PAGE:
I was delighted this morning to find this dark and large filament at the north-eastern limb of our Sun. It had the appearance of a large serpent with foot like projections anchoring it to the solar surface and then visible curving around the limb. The filament is magnetic curtains of plasma hovering over the Sun’s surface, this an especially large and detailed one. I read on the Spaceweather site that the length of the filament would measure the distance from the Earth to the Moon. That’s one big serpent!
Solar Filament & Prominence
h-alpha 60mm Lunt 35x
4/26/15 0800-0845 HST
Black Strathmore Artagain Paper
White Conte’ Crayon & charcoal pencils, black & white
Photoscape Software to colorize, Photoshop Software to reduce size
I went out to sketch the AR 2339 in h-alpha but when I saw this massive Hedgerow type prominence on the limb it had to be done.
PST 40 halpha scope ,8mm eyepiece / 50X
Pastels and Conte on black paper. 13:33 UT May 13th 2015
Bray, Co Wicklow, Ireland
Eyes turned to the sky early this morning on Maui for the shortest total lunar eclipse of the 21st Century. This is due to the Moon passing through the edge of the umbra instead of the center where the circular diameter of the Earths shadow would be widest. The maximum time for totality (when the Moon passes into the umbra) can be up to 1 hour 40 minutes so the umbral portion lasting only a little more than 4 minutes is a short one. The time of partial eclipse this morning made for a beautiful transition across the lunar surface of darkness and then totality. As I always see a rabbit in the Moon I thought maybe the Easter Rabbit Moon has a lot to do getting all those eggs hidden and no time for a long performance, though it was still a great show!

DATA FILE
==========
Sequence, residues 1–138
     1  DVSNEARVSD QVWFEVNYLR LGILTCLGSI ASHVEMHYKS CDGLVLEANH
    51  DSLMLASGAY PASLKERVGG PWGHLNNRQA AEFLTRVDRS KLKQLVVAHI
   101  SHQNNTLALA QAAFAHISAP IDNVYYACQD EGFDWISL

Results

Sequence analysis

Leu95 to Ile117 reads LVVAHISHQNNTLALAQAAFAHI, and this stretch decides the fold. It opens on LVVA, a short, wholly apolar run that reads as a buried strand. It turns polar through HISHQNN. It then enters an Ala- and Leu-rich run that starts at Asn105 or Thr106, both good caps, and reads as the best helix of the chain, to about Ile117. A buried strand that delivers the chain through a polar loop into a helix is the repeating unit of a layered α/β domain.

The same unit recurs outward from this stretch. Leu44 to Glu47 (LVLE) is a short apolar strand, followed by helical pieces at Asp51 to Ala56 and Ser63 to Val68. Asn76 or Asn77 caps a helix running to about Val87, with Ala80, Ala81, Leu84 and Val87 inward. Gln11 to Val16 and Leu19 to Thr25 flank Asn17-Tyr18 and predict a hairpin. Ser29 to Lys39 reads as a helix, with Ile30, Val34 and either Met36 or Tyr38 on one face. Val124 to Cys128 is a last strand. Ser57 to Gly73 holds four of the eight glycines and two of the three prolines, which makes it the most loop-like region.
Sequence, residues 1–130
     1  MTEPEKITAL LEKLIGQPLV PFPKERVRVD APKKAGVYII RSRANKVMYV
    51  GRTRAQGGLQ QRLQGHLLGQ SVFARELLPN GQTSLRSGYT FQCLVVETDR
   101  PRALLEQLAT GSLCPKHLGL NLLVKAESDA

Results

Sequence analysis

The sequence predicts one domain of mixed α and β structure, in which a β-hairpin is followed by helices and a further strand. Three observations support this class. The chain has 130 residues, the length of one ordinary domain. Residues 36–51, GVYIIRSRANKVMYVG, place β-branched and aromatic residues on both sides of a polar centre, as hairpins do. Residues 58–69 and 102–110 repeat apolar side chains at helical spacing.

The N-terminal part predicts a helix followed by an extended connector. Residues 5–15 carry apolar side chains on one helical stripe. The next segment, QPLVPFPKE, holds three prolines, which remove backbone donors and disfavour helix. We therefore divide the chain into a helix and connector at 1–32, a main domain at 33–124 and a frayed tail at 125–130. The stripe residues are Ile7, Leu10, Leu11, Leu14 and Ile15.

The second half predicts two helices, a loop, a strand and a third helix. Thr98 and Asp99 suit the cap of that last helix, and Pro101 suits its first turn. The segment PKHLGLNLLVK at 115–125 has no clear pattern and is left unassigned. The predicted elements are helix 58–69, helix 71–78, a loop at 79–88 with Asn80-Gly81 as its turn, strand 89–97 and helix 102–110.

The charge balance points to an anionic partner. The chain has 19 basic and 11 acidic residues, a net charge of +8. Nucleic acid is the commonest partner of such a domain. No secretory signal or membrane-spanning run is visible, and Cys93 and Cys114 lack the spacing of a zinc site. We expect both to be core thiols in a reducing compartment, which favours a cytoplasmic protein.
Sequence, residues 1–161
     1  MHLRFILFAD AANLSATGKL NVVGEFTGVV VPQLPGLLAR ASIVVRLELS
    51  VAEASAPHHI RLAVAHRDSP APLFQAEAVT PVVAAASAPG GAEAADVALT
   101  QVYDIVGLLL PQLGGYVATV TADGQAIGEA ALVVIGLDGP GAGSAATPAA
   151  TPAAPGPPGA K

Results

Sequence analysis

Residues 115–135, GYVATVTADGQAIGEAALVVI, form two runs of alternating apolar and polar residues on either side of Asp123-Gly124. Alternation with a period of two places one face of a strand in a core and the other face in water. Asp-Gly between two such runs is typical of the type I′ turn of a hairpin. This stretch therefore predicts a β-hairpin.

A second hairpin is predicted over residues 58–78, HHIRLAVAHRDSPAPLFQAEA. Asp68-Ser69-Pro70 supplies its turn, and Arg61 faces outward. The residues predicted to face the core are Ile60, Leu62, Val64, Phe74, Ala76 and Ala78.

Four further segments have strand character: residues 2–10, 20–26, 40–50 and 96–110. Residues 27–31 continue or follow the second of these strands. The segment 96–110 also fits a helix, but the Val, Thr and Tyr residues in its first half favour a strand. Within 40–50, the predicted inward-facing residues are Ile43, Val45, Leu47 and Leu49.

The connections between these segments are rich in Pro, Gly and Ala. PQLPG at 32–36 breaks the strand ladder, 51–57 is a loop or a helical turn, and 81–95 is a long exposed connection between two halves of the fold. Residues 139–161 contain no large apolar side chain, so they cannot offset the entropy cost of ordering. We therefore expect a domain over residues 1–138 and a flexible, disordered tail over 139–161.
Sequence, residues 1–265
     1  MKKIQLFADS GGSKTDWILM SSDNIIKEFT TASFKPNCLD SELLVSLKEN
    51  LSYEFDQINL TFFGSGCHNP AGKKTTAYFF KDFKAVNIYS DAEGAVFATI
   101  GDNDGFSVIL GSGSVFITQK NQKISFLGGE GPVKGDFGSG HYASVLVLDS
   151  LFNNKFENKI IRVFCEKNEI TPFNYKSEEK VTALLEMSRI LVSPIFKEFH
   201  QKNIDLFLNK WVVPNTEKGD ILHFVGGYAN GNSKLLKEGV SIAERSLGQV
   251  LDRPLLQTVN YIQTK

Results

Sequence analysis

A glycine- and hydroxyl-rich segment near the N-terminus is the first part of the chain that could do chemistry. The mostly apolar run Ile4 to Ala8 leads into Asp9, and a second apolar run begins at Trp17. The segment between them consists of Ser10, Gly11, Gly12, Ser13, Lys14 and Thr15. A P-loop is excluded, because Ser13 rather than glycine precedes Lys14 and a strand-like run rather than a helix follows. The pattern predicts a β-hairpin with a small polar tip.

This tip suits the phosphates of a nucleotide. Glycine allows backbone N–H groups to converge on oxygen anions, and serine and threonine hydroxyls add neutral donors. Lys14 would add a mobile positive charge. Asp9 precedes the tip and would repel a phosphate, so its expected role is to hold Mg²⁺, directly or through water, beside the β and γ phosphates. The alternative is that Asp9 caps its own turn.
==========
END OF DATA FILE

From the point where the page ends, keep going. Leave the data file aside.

This is a 7×50 binocular view sketch during totality. The Rabbit in the Moon appears to be flying a kite asterism which seemed fitting for the spring occasion of the season.
Cindy (Thia) L. Krach
Eclipse time 12:16-3:45HAST
Umbral Phase 1:58-2:03 HAST
Black Strathmore Artagain paper
Conte Crayon & x colored pencils, white charcoal pencil, brush technique to apply colors
Contrast adjustment in Photoscape
For those that observe and sketch the Moon, trying to pick targets just before, just at and just after first quarter can be much fun because there are so many choices in good relief. On this occasion I chose two large walled plain craters near the terminator. Albategnius (129 km.) the younger of the two ancient craters and further from the terminator it was displaying its central peak (1.5km. tall) and large crater Klein (44 km.) on its rim. Crater Halley (36 km.) to the northeast is notably a kilometer deeper than Klein and although further from the terminator has a completely shadowed floor with that greater depth.
The other large crater Ptolemaeus (154km.) was on the terminator at the beginning of my sketch.
With the sun so low the rim shadows were long and were creating a special effect. In combination with the rim shadow of little crater Ammonius (8.5 km.) I could see old Nesse. Jim Adlhoch describes the floor shadow as looking like the head and neck of the Loch Ness monster- see Lunar Photo of the Day September 4, 2014.
Crater Ptolemaeus has a floor covered with many shallow bowl shaped craters, ghosts buried under lava. These ghost craters can be seen at low sun but the central peak is completely absent. To the north is crater Herschel (41 km.) with a shadowed floor.
For this sketch I used: Black Canson sketching paper, 10”x10”, white and black Conte’ pastel pencils and blending stumps.
Telescope: 13.1 inch f/ 6 Dobsonian and 9 mm eyepiece 222x
Date: 01-28-2015 00:05-02:00 UT
Temperature: -4°C (25°F)
Seeing: Antoniadi II
Co longitude: 0.7°
Lunation: 7.20 days
Illumination: 56.1 %
Living in Eastbourne, I am lucky enough to have the famous cliffs at the end of the South Downs close by; the panoramic views they afford are ideal for watching sunrises and sunsets, which are frequently rendered even more beautiful by dramatic coastal clouds. On Sunday 18th January I was driving back from a visit to the beach further east at Normans Bay, when I noticed a break opening up in the blanket of cloud to the west. Instead of heading home I made the short detour up to Beachy Head, where I was treated to this wonderfully picturesque celestial scene.
Best regards and clear skies, Oli
18/01/15 18:45 UT
Soft pastels on Rembrandt pastel paper with acrylic paint for Venus